The real crisis

Steven Miller

The news stories and the pundits today speak routinely of "crisis." Nearly always their topic is some facet of the worldwide financial meltdown.

Remarkably, however, an even larger crisis faces the people of the U.S. and Nevada, and it, in many ways, is the cause of the world's financial pratfall. Yet, it is rarely acknowledged, if at all.

The reason, no doubt, is that the issue goes to the very heart of our present system of governance, and beyond that, to our personal intelligence and moral capacity. As such, the issue is flattering to no one — encouraging all kinds of avoidance.

Nevertheless, the magnitude of economic shock has breached this resistance for many people — at least enough to drive home the lesson that, collectively speaking, we have been living in a fool's paradise. As voters, we've been seriously inattentive to what our politicians were doing. And during these many years of negligence, those politicians have been up to no good.

What has made this clear to millions of Americans has been federal behavior in the context of last year's market meltdowns. Citizens woke up to discover that virtually everyone in Washington, D.C., had become proponents of Moral Hazard.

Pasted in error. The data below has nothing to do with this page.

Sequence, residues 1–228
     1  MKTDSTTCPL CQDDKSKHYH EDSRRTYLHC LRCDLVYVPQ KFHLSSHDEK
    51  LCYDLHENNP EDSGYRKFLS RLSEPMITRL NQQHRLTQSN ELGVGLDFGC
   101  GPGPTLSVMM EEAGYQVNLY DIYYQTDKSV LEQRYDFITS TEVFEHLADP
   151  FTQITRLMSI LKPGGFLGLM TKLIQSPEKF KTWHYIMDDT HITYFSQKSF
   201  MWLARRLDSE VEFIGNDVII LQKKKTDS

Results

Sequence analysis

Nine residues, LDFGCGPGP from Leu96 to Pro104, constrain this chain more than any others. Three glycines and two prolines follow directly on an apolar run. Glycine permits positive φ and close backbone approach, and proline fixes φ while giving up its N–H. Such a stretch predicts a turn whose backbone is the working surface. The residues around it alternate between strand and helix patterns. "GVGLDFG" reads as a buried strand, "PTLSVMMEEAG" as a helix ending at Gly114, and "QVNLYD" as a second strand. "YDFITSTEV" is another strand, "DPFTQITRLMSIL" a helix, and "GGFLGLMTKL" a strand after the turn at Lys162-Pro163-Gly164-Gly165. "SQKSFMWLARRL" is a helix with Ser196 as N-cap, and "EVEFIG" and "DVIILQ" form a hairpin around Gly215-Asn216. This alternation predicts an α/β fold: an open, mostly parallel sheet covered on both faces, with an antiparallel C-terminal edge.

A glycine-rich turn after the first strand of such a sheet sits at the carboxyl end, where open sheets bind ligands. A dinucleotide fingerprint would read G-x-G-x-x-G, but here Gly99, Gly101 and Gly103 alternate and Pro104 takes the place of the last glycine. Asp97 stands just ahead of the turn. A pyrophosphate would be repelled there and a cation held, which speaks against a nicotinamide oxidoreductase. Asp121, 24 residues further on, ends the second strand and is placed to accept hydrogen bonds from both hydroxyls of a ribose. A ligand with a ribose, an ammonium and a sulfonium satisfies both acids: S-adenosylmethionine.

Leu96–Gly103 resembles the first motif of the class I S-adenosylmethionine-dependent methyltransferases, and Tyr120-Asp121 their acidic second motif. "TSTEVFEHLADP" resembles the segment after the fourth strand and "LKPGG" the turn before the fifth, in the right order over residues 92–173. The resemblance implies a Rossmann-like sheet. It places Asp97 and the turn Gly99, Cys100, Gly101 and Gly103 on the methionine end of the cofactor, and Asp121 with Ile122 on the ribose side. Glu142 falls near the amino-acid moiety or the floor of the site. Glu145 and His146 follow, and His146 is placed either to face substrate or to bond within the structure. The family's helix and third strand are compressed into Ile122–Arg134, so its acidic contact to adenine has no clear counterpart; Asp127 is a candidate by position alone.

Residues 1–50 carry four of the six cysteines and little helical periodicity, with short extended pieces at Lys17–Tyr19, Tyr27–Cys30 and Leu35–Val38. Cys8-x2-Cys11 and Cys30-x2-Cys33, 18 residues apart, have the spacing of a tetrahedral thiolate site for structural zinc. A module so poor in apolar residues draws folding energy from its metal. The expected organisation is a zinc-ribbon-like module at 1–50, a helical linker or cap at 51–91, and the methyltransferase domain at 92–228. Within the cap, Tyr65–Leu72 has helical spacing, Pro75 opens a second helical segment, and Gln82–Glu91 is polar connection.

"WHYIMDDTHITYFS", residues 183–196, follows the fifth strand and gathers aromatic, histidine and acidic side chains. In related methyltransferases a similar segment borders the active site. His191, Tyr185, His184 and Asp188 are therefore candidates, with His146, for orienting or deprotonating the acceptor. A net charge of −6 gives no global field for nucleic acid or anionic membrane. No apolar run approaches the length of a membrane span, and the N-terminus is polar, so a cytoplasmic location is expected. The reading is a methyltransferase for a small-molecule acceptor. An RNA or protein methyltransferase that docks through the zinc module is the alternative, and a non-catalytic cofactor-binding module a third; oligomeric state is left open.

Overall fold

Moral hazard, of course, is the prospect that moral behavior will be discouraged — i.e., placed at hazard — if those who engage in irresponsible behavior are protected from the consequences of such behavior, or perhaps even rewarded for it. And yet, this has been the very essence of the federal response to the financial turmoil.

Recklessly bad decision-making by the Federal Reserve, the U.S. Treasury and major banks and financial institutions have all been rewarded with huge payoffs.

For the Fed it's been acquiescence before Ben Bernanke's lust to drop unlimited sums of printing-press money from helicopters. For the Treasury it's been $700 billion in unmonitored walking-around TARP money. And for both agencies it's been

Congressional assent as our self-appointed financial czars have begun exercising vast new and thuggish powers over the rest of us.